Amar Dhokia, High-fidelity smell in virtual environments
Virtual simulation today still lacks the means to effectively combine all sensory stimuli to provide a realistic virtual experience. Whilst novel attempts of integrating olfaction into virtual environments have been tried, there is still yet to be a paradigm shift which overcomes the problems that are currently associated with incorporating this sense. The proposed research aim of this work is to create an olfaction virtualisation framework independent of how olfactory perception works. This can be broken into stages. Firstly there is the capture stage which requires an effective way to capture smells and be able to analyse and quantify them on a chemical level. The next stage requires a mechanism by which the reproduced odours can be presented to users in the most perceptually authentic way i.e. accurate temporally, in concentration, and in smell character itself. The final stage requires a feedback to control the odour presentation dynamically and change characteristics as needed, since environments are rarely static.
Rossella Suma, PhD Project
This PhD project aims to test whether HDR presentation methods allow faster and more accurate perception of psychologically relevant stimuli with an emphasis on face processing. The work is also likely to provide new insights into how humans perceive faces and which elements are relevant for emotion recognition.
Completed Doctoral Projects (PhD)
Martin Kolar, High Quality Texture Synthesis
This research investigated the quality of offline texture synthesis, introduced a new method for texture synthesis, and made advances in quality assessment. The following have been developed: an improved patch-based algorithm for parallel texture synthesis, a new texture dataset, and a user study which demonstrated statistically significant conclusions regarding state-of-the-art texture synthesis algorithms.
Stratos Doukakis, Resource allocation for Multi-Sensory Virtual Environments
Fidelity is of key importance if multi-sensory Virtual Environments (VEs) are to be used as authentic representations of real environments. Simulating the multitude of senses that comprise the human sensory system is computationally challenging. With limited computational resources, it is essential to distribute these carefully in order to simulate the most ideal perceptual experience. Based on a series of subjective experiments, estimation models are proposed and successfully validated using resource budgets and scenarios.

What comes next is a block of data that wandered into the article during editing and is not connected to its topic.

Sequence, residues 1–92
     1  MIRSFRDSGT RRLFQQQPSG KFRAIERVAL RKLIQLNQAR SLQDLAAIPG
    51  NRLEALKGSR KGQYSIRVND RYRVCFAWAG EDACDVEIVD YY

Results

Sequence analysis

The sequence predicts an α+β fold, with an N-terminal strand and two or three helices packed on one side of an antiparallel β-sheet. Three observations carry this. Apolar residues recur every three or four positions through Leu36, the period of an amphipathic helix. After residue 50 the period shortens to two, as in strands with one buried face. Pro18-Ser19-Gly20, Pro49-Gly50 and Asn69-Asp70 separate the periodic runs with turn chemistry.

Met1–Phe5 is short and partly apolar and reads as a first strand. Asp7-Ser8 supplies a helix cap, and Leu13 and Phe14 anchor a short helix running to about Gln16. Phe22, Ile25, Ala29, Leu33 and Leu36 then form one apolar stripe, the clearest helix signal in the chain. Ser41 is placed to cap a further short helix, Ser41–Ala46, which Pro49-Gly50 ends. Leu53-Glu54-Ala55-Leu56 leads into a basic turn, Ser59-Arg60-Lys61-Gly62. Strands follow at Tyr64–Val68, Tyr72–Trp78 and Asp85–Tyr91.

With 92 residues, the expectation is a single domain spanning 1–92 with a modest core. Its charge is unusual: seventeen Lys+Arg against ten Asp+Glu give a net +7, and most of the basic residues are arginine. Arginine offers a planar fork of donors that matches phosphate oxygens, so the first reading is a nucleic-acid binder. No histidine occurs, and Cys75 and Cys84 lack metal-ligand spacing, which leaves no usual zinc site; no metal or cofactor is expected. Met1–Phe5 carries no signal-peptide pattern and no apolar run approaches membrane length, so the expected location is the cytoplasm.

Pinar Satilmis, High Fidelity Sky Models
Light sources are an important part of physically-based rendering when accurate imagery is required. High-fidelity models of sky illumination are essential when virtual environments are illuminated via the sky as is commonplace in most outdoor scenarios. The complex nature of sky lighting makes it difficult to accurately model real life skies. The current solutions to sky illumination can be analytically based and are computationally expensive for complex
models, or based on captured data. Such captured data is impractical to capture and difficult to use due to temporally inconsistencies in the captured content. This research enhances the state-of-the-art in sky lighting by addressing these problems via novel sky illumination methods that are accurate, practical and flexible. This research focuses on two novel sky illumination methods where; the first of which focuses on clear sky lighting and the second one deals with illumination from cloudy skies.
This PhD evaluated the acceptability of HDR video over traditional video, investigated existing HDR video compression algorithms and finally proposed a novel compression algorithm which delivers superior HDR video quality at low transmission cost.